Anaïs Nin

I was listening to Essential Anaïs Nin uninterruptedly while making a cup of coffee and tidying up when it hit me. The freedom now available to me, or should I say finally noticed by me? The mobility, the lack of attachment to a room, sofa, bed, or chair. The no longer needed quiet corner, for Anaïs’ voice would muffle the external sounds. 

From now on, I could not only walk all around the house but also leave it and take her with me. She would whisper her many adventures in my ears on my way to work, while I wait for the tube or travel somewhere nearby or far away. She would help me sleep by telling me a story or singing me a lullaby when my arms are too tired to hold the heavy books I keep buying and for which I rarely have time.

It would take adapting and open-mindedness. It would mean leaving behind my conservative view about reading – one that always made me so proud, but that now, I finally understood, was based on ignorance and prejudice about new technologies for readers. The truth is that by deeming myself a true book lover, I held on for too long to the desire to turn and smell paper pages, and was blind to the most recent ways of getting to know new words and revisiting old ones.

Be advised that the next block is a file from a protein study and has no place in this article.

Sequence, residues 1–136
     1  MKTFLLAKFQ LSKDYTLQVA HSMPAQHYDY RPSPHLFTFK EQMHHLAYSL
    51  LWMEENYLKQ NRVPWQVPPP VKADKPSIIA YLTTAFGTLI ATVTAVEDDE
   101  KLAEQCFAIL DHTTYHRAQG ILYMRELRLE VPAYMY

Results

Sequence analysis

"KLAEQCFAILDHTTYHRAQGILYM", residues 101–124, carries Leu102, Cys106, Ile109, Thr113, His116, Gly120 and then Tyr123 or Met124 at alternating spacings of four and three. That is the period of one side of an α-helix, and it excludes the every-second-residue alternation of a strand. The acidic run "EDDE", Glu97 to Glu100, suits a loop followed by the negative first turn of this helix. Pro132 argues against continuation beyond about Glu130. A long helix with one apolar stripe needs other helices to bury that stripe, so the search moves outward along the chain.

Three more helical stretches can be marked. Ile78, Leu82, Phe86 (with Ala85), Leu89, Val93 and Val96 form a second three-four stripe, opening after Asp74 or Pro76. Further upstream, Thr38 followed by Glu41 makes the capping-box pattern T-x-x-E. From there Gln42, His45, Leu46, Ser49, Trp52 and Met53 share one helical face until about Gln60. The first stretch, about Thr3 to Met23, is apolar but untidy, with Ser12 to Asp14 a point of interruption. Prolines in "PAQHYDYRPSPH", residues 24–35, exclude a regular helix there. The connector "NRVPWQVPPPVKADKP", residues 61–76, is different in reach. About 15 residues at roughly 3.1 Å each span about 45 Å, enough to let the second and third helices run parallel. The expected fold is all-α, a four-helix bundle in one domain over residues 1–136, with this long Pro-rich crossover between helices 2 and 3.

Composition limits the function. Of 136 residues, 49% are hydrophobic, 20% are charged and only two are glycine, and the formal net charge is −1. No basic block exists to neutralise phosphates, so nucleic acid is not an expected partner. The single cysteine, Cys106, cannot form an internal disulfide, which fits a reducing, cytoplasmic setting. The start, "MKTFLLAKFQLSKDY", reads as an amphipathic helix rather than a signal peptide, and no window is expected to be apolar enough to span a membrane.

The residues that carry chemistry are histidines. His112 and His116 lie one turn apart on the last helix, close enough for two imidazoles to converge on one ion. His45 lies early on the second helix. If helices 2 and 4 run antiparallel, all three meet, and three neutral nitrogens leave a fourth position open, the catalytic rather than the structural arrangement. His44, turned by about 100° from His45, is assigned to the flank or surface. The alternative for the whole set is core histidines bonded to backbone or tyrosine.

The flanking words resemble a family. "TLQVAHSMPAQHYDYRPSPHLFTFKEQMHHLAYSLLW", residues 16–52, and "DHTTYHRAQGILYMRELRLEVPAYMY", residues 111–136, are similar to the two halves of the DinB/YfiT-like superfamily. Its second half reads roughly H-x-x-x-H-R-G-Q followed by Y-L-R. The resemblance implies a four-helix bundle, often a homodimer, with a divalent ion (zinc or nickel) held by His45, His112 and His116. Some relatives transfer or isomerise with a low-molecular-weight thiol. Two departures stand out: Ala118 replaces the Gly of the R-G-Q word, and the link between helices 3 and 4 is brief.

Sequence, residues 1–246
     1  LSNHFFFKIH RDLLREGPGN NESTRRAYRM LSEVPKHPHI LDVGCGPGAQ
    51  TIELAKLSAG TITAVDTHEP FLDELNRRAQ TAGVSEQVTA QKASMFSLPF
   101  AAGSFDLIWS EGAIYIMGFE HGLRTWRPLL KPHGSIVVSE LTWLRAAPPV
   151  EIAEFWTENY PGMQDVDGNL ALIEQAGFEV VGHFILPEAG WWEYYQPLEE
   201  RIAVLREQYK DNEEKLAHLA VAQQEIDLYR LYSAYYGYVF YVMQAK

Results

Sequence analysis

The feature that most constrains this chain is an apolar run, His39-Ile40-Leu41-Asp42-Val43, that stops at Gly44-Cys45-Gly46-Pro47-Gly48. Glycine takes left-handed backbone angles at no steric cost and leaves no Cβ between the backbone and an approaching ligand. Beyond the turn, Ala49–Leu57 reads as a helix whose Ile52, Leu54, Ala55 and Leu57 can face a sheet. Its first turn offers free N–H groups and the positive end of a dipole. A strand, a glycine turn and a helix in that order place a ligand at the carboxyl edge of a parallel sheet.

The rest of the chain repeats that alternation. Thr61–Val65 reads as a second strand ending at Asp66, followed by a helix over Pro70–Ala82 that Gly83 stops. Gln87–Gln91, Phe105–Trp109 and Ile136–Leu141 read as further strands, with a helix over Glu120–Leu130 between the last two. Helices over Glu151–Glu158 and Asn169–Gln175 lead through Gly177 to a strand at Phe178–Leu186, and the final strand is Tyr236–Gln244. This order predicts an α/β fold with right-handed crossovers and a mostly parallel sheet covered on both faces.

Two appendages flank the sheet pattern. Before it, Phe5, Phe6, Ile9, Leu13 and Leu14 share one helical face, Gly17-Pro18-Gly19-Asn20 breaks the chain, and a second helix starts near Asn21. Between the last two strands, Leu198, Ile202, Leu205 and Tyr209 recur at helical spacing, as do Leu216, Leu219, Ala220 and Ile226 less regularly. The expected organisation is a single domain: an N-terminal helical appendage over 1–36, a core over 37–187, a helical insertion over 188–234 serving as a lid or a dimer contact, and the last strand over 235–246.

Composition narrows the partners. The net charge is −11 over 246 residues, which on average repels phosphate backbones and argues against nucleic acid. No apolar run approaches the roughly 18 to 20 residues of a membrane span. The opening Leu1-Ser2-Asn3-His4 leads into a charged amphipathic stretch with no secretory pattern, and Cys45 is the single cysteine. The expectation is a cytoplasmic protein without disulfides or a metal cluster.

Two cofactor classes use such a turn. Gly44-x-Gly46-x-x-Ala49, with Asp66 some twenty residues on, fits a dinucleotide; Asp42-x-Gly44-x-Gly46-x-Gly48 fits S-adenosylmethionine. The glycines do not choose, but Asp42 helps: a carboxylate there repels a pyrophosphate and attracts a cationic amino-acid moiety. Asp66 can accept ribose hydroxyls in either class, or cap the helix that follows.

Reading books in digital format was the first step I took away from bulks of paper bound together, and The Diary of Anaïs Nin was the first thing I read on my Kindle – at the time, still quite cynical about how natural the reading experience would feel until I finally surrendered.

So, in a way, it is no surprise – and serendipity comes to mind – that one year after getting acquainted with my electronic reading device, my first audiobook was also by Anaïs. She seems to take me further every time we meet, to guide me into the unknown — her thirst for new ways of living, of loving, of being — and my empty cup gets fuller the more I get to know her.